I’ll expand in a bit.

            1. Once the convict becomes a capital convict, two separate and highly expensive processes begin, that don’t really exist for non-capital convicts.

              First, a complicated, lengthy, and extensive appeals process begins. Multiple layers of state and federal litigation are necessary in order for the death sentence to be finally approved and then executed. All of that costs money. The prisoner usually doesn’t have it, so tax dollars are required on both sides of the litigation.

              Second, the capital prisoner is segregated from other prisoners, in a separate wing, with unique and specialized security and supervision. Capital prisoners by definition have very little left to lose, and so security arrangements around them have to be more complete and require more manpower. Or you start losing guards to getting shivved. All of that costs money above and beyond the already expensive cost to house a prison inmate.

              Further, capital sentences are often de facto longer than “life” sentences, even if the life sentence is without parole. Everything in a prison costs the taxpayers, and everything about the prisoners is the State, and ultimately the taxpayers’ responsibility. So, if Joe Joe the Mad Dog Killer gets cancer, the prison has to pay for his medical care. If he gets old, and picks up, say, emphysema or a heart condition, the prison has to pay. Or, the prison can say. “He’s so old, he won’t hurt anybody anymore. It’s unjust to keep this old man locked up.” Release him, and then his medical bills come out of someone else’s budget.

              So it depends on which stages of the prisoner lifecycle we look at, if we’re going to try and figure out which course of action is more expensive.

    2. Their not talking about the “guilty or not guilty” phase of the trial. That has not changed. They’re talking about the sentencing (punishment) part of what Florida juries do.

    3. I don’t think SCOTUS will get involved. I do see more appeals happening though which will be more expensive for the FL taxpayers.

      1. SCOTUS smacked them down last time. This is the kind of case—a ‘Per my last ruling, assuming you can read, fuckhead’—-that they’ve historically liked taking.

        I thought the principle of their last ruling was clear: everybody needs to be on board if you whack someone. And I thought they hated it when people tried to get cute with a prior ruling and end around the text, but not the spirit of the holding.

        Or I could be completely wrong.

        1. You’re not wrong. 🙂

  5. As a left-libertarian, I want people to retain their voting rights while behind bars. So if we cannot abolish the death penalty, we should at least let death row inmates continue voting.


    1. #LibertariansAreNaturalFelons

      Since victimless crimes shouldn’t be crimes.

      1. but everyone is a victim now days!

  6. never set foot in Florida again yikes

  7. Never give the state the power of execution.

  8. So in addition to Florida’s continual funding of entrapment-riddled police stings and “always believe the police over our citizens” attitude, I guess we can add this to the overwhelming evidence of private prisons/corrections/bloodthirsty, angry lobbyists (Ron Book) having their hands gripped around the throats of politicians in Florida.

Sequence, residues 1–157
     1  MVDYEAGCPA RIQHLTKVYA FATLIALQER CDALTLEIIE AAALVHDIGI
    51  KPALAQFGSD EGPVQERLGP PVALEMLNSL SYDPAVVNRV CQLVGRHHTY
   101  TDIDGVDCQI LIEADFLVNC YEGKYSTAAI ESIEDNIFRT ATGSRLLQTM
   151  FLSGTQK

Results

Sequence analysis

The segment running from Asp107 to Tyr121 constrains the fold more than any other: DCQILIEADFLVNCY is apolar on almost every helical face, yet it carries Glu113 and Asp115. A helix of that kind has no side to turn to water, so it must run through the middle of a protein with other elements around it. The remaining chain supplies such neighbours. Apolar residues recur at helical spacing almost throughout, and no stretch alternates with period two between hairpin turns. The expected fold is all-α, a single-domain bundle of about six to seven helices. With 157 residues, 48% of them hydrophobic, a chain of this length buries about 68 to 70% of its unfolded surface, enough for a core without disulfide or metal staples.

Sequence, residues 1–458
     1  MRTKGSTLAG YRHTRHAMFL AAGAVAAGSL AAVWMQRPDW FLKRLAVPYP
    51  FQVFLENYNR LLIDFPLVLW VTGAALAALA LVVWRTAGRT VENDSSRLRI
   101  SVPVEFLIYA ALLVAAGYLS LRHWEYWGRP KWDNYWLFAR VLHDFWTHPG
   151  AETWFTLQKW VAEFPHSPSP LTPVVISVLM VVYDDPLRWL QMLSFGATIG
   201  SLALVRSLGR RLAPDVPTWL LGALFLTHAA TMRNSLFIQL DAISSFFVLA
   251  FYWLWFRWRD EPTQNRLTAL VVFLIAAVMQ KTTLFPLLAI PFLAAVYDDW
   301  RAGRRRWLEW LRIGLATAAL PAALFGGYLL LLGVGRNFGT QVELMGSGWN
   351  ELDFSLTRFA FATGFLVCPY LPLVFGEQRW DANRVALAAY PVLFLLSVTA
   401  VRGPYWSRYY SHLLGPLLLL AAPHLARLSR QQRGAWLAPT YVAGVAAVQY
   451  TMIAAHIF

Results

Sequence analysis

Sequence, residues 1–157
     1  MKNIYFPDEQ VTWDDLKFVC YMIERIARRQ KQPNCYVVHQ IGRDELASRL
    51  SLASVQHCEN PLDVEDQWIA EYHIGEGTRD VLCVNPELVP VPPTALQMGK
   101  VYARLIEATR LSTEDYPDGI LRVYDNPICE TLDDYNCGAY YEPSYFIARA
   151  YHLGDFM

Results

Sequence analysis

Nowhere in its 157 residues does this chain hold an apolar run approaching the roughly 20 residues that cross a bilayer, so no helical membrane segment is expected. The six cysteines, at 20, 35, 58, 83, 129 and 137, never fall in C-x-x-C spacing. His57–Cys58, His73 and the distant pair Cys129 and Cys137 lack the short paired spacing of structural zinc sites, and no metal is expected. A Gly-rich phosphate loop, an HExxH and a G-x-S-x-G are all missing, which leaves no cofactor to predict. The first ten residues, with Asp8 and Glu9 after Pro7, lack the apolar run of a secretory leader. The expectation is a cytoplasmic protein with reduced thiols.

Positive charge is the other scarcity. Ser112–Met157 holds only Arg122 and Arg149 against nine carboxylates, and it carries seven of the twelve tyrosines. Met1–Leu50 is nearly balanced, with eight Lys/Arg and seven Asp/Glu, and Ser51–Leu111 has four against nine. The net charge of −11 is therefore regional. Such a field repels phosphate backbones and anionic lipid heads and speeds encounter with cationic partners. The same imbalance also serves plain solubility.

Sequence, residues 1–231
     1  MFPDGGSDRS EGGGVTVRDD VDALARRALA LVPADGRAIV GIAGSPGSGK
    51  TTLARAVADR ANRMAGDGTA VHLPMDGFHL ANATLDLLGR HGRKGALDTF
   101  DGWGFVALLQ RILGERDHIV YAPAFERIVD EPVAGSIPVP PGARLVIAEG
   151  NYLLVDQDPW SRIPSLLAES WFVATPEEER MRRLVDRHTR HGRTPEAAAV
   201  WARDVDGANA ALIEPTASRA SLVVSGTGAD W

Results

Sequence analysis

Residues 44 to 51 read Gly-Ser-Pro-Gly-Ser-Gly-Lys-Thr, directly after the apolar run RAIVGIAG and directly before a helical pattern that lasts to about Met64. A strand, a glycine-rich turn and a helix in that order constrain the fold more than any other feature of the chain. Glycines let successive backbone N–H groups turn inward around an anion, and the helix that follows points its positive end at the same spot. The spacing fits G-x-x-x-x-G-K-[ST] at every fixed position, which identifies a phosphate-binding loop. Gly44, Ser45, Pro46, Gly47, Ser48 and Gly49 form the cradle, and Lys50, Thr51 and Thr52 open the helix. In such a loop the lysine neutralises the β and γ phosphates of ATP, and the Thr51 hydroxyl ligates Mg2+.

9. The death sentence is a conundrum.
    The possibility of executing an innocent is there.
    But some crimes are so heinous, and some people so evil, that killing them seems like a logical way to protect the rest of us from them.

    1. All punishments might be inflicted on the innocent.

      Incarceration is inflicted gruelingly slowly, so if more evidence miraculously arises, it’s not metaphysically impossible that there will be some un-extracted punishment that could be foregone.

      It happens so rarely people only talk about it when they need to invent a reason to oppose the death penalty.

      1. Yeah, I don’t see a need to “invent” a reason to oppose the death penalty. “Killing is wrong” seems to go a long way toward that goal, and it certainly wouldn’t be in the category of “things drummed up out of whole cloth to support an argument.”

  10. Incarceration is inflicted gruelingly slowly, so if more evidence miraculously arises, it’s not metaphysically impossible that there will be some un-extracted punishment that could be foregone.

    Can someone please explain to me what that sentence is supposed to mean?

    1. I think it means that a mistaken life sentence leaves open the possibility that the mistake might be corrected and the mistaken punishment might end short of what was prescribed. You can’t give a wrongfully convicted man back his past, but you can give him back his future. Good luck trying to tell a dead man you made a mistake and he doesn’t have to be dead any more.

  11. I am glad Justice Labarga gave voice to his dissent because I agree with his position that imposition of the death penalty should not be taken so cavalierly as to allow for anything other than unanimity.

    However, I’m concerned that his opinion appears to be rooted in something other than the constitution. He talks about being an outlier and being inconsistent with other states. These are political considerations, not legal ones.

    I’m not sure how you get to “cruel and unusual punishment” from “the system of determining punishment requires 10 of 12 instead of 12 of 12”. The punishment is identical either way.

    This would appear to be a due process question, not a cruel and unusual punishment question. It might even fall under common law for the use of juries. But the original decision appears to have been entirely policy-driven instead of legally driven. And even though I agree with their policy angle, making decisions about constitutionality based on policy opinions is far more dangerous than any one wrong policy.